Corruption perverts the main political objectives of the empire’s politicians and bureaucrats. Nevertheless, the empire, once the dominant engine of the world’s production transforms into an entity of consumption. The great military might that conquered afar is turns inwards, or squandered on unnecessary wars to prove their might is intact [3]. Predictably, the empire’s economic output declines to levels too low to fund wars or maintain standing armies.

Seventh, the Age of Decline and Collapse: in this age, society has lost its capacity to defend itself. Its interests and reach begin to shrink in influence and power. The empire can no longer afford the affluence it promised its people. The empire is now unable to cope with the excesses of the decadence of its leaders and the people’s way of life. Corruption eats away at all fabrics of society like an invincible rodent. The leaders call for and the people hope for a return to the glory days of the empire’s beginnings or peak without rational responses/efforts. A new power is waiting to take over.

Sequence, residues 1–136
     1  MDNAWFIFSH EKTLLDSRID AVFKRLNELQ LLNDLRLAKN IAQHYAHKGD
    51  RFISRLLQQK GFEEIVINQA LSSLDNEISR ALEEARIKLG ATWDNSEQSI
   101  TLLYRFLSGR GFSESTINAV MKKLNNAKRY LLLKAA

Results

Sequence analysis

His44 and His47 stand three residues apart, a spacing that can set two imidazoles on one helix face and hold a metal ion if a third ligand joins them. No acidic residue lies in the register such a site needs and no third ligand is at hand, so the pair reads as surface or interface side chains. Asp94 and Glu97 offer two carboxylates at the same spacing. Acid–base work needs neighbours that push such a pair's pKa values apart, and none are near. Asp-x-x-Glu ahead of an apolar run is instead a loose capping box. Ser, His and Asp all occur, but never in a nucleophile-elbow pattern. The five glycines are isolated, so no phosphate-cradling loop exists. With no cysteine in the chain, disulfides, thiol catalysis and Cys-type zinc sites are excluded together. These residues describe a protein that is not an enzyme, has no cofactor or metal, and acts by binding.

Nonetheless, the reason why Glubb’s thesis should give Nigerians serious concern is only three “ages” are relevant to their country. Nigeria was to witness from her Independence to present day the Age of affluence, the Age of Decadence and the Age of Decline and Collapse. How has Nigeria been able to mimic the characteristics of a dying empire without ever having been one? Quite an anomaly to behold.

Maybe, Glubb overlooked the fact that his cycles of empire concept could only apply to the fate of non-empire nations in a different way. More precisely, we may modify the model sufficiently to apply it to weak developing nations/colonies in that there are only four distinct ages that form their segues of existence. (1) Weak pioneers, e.g. corrupt, venal independence nationalists bent on looting their treasury when they get into power. (2) Weak affluence, e.g. national wealth predicates on the sales of natural resources which the markets of dominant empires determine. And adopt modes of medium or strong consumption.